The Lurking and Apparently Time-Traveling MacBook
By: Erich Maas
Yes, something certainly does stand out in the image above. If you still don't see it, I'm talking about the lone MacBook Pro lurking in the background of an image at the top of Microsoft's product page for Windows. No, Microsoft isn't selling MacBooks now. So why, then, has Microsoft decided to photobomb their own picture with an image of their direct competitor? Why give your competitors undue publicity?
They've positioned the MacBook Pro right next to their brand new Windows machines running Windows 10, the latest in their line of operating systems. Yet upon closer inspection, you'll notice they've used an older model of MacBook Pro, specifically a 2012 or earlier MacBook model running the two-generations-old Yosemite operating system. It's like that one 22-year-old kid that still hangs out at the high school.
When you scroll down, it becomes apparent that they've used the image deliberately to compare the new Windows machines to their Mac competitors. In that case, it's small wonder at all that they've used an image of an outdated model. How very, very clever of them.
The problem is it took me a minute to even figure out that they were comparing them at all. My first thought was, "Oh my. Someone at Microsoft has put up a picture of a MacBook by accident, and they are about to be fired."
It's often said that all publicity is good publicity, a philosophy with which I strongly agree. Here, Microsoft is giving Apple a free advertisement. Especially since they're deliberately showing their competitor in a bad light, and they've got a well-informed audience of people like me who are paying attention. They've only hurt themselves, and let's look at why.
If you click on their comparison article, you'll start to see more of what I mean by "bad light." When they actually compare specifications of MacBooks and several Windows machines, it's no longer the 2012 MacBooks they're using, but it isn't the newest MacBooks either (this is where it really started to grind my gears, rustle my jimmies, fluster my flapjacks). The specifications they cite for the 13" MacBook Pro are out of date, and since you can't even purchase that particular MacBook from Apple anymore, it's basically irrelevant.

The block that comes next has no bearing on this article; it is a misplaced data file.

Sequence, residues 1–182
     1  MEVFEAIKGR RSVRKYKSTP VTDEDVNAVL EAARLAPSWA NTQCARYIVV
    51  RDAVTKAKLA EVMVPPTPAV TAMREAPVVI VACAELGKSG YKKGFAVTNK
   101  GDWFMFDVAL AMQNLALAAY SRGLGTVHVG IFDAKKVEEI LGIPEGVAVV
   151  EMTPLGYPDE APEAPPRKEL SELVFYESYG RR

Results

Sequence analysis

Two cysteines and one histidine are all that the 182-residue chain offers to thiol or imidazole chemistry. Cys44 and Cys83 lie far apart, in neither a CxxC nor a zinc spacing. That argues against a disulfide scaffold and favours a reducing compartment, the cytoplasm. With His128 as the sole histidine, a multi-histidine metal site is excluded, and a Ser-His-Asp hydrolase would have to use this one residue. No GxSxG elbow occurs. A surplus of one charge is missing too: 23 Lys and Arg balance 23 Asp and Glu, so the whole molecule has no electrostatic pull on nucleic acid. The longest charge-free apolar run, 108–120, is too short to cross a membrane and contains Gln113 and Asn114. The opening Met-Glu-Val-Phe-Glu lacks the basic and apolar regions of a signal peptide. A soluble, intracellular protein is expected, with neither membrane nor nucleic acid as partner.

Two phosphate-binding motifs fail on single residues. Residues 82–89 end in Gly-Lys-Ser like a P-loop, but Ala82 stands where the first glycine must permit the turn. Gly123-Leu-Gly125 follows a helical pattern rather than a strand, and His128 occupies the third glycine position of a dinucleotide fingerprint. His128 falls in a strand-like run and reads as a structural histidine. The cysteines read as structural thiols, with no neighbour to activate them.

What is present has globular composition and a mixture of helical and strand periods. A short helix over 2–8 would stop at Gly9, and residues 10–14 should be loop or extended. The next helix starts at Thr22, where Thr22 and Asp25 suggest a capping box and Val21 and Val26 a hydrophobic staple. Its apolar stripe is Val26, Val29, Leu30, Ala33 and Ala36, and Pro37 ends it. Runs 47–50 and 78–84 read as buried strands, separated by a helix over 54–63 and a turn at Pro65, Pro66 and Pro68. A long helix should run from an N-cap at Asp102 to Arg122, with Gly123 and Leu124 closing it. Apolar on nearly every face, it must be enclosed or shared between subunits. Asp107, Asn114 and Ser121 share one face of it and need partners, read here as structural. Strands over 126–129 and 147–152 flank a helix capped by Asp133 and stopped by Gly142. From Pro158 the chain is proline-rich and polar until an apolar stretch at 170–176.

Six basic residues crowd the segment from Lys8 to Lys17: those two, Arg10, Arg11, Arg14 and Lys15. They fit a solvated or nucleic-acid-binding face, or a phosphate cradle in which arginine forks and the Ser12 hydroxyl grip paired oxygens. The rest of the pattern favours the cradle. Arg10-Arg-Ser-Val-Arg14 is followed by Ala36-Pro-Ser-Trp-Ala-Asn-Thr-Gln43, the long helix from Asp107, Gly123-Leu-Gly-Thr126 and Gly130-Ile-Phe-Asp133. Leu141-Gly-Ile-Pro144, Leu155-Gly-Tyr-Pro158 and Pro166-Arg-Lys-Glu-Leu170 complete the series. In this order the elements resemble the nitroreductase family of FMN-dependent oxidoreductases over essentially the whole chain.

Some of the information still remains true. For example, no MacBook released to date features a touchscreen, nor do they come with a digital inking pen. But they cite MacBook Pro's storage disk as 256GB PCIe-based flash storage, which of course has been upgraded from flash storage to a solid state disk (SSD) in the new MacBook Pro models.
The CPU is also incorrect, listed as the out-of-use 2.7GHz dual-core processor. The new midrange Pros actually come with a 2.9GHz dual core processor with Turbo Boost up to 3.3GHz. The higher tier MacBook Pro option has an even beefier processor than that.
Even the thickness of the machine is outdated, which Microsoft says is 0.71 inches, when it's actually 0.59 inches. This information isn't hiding. It's all available on Apple's website for anyone to see, and it takes perhaps three to five minutes to find.
Granted, it's easy for Microsoft to defend this misinformation. After all, I'm sure it's not their main priority to keep their competitor's specifications up to date. Especially if that would make their competitors look better. But I say, if they're going to compare themselves to their competitors in the first place, they should be comparing apples to apples instead of apples to oranges (or in this case, apples to old Apple computers). It's only fair.
Not only is the information misleading, it's just a misleading design choice to put an image of a product that isn't yours on your website. The way it's just sitting there next to three other windows computers lends itself to the idea that it's an equal, that it actually is comparable to their machines. It's almost like they are saying the MacBook Pro is a Microsoft product. A much better choice would have been to put one of their machines side by side with the MacBook Pro, almost like a poster for a boxing match.
I'm not an Apple spokesperson, but if you want to see some real specifications for the newest MacBook Pro or any other Apple product, I suggest you check out some of the following links:
- Mac product line
- MacBook Pro technical specifications
- MacBook Air technical specifications
- Where to buy a MacBook Pro